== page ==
Jump River

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Looking downstream from the wayside at Jump River, with the water medium-high

The Jump River is a small rocky river in north-central Wisconsin. In the late 19th century it was used to drive logs down to the Chippewa River. Today it is recreational, rambling through woods and farmlands, used mostly by fishermen and paddlers.

Geography[edit]

South Fork of the Jump River @ Big Falls Co. Park

The Jump is formed at the confluence of the North Fork Jump River and the South Fork Jump River in southwestern Price County, Wisconsin. From there it flows approximately 25 miles (40 km) through Rusk, Taylor and Chippewa counties, emptying into the Holcombe Flowage and joining the Chippewa River, and eventually the Mississippi.

Communities along the river are Sheldon, Jump River, and Prentice.

History[edit]

The origin of the river's name is the source of minor local controversy. Some say that the name comes from the jumping water in the many rapids which mark nearly the upper half of its course. Others maintain that the river was so-named because a 19th-century forest fire jumped the river. Still others suggest that log drivers named it for the way the water level "jumps" up and down rapidly after rains and thaws. Its name in Ojibwe does not shed light on its present name either, since the Ojibwa call this stream Manidoons-ziibi ("Little Spirit River").[1]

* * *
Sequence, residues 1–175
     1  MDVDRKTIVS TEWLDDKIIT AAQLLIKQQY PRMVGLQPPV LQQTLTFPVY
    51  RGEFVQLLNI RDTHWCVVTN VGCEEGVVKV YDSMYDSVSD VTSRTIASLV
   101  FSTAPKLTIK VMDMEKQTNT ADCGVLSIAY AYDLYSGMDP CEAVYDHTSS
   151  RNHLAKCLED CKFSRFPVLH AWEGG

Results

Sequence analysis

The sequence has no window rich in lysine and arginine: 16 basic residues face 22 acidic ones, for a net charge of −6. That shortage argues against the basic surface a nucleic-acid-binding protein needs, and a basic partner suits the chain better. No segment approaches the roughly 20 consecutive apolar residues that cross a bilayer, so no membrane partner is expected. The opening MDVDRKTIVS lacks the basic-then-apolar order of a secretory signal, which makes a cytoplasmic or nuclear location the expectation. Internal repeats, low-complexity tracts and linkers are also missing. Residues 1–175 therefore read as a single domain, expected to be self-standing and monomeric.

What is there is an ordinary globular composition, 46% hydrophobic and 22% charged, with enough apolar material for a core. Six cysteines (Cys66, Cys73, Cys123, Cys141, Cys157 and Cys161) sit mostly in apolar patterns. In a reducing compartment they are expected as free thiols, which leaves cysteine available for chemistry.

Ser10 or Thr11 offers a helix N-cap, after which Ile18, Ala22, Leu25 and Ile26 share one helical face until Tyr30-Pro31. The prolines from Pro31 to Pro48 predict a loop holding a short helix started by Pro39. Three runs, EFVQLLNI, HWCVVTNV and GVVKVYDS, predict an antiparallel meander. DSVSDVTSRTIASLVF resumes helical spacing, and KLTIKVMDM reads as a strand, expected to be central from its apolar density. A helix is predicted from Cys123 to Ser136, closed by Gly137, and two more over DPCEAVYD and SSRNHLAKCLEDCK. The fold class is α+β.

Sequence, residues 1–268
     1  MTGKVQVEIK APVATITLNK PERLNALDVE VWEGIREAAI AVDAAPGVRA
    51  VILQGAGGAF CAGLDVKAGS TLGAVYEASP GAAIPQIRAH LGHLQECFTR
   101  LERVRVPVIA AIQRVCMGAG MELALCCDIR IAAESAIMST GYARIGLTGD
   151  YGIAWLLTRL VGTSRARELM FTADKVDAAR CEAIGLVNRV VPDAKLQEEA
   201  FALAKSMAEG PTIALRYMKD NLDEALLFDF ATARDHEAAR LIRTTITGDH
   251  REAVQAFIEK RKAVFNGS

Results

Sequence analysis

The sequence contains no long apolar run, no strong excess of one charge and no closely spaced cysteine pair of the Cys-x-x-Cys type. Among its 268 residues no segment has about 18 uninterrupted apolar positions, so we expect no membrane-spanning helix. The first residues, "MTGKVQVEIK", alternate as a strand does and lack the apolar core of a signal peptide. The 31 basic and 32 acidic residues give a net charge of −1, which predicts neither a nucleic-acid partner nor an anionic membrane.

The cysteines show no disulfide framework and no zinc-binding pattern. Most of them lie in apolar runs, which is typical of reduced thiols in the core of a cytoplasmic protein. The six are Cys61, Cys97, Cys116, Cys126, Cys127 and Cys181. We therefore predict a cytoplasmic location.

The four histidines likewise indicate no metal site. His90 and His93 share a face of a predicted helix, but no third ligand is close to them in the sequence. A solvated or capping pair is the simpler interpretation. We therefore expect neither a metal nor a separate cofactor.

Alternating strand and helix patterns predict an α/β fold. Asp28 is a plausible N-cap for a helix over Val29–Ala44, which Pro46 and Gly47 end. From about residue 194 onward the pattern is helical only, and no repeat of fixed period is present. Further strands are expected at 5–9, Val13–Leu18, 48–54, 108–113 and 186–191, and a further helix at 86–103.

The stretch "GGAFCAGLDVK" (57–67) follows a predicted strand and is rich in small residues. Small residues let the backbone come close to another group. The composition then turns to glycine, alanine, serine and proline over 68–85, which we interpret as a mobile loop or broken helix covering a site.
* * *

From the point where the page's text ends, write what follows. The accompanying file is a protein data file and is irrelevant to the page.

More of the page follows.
Indians lived along the Jump in the early years, growing little plots of crops on the river bottoms.

Jump River Falls (Big Falls) was once thought the likely rapids where Father René Menard disappeared in 1661 while trying to reach a band of refugee Hurons near Lake Chelsea.[2] Current thought is that he more likely disappeared at the dells of the Big Rib River, in the southeast corner of Taylor county.[3]

Logging on the Jump had begun by 1858.[4] Before that the Jump River valley was covered by heavy forest. The first surveyors in the mid-19th century found hemlock, yellow birch, sugar maple, white pine, black spruce, tamarack, white cedar, and other species, with hemlock most common in most areas.[5][6] Crews cut the white pine first and stored the logs through the winter, then drove them down the river to mills at Chippewa and Eau Claire. Logs were driven from April to July.[7] For the winter of 1888 to 1889, the Chippewa Logging Company and Mississippi River Logging Company estimated the cuts on various branches to be:[8]

Main Chippewa 75,000,000 board feet
... ...
Main Jump 7,000,000 board feet
South Fork Jump 13,000,000 board feet
North Fork Jump 5,000,000 board feet

The last logs were driven down the Jump around 1903.[9] The less buoyant species have been logged ever since, hauled out by rail and truck.

The first bridge across the Jump was the Wisconsin Central Railway's trestle at Prentice, built in the 1870s.[10] The "Black Bridge" above the village of Jump River's swimming hole was built in 1899 and 1900. The SM&P Railway bridge at Jump River was built in 1904. The Range Line wagon bridge in Jump River was built in 1909. It was wrecked by an ice jam in 1913 and repaired. The Albert bridge on what is now county H was built in 1912. The LaFollette Bridge just east of Jump River opened in 1933. The worst flood on record occurred around Labor Day of 1941. Days of rain raised the river level about twelve feet, destroying the Black Bridge and washing out approaches to the LaFollette and Range Line bridges.[9]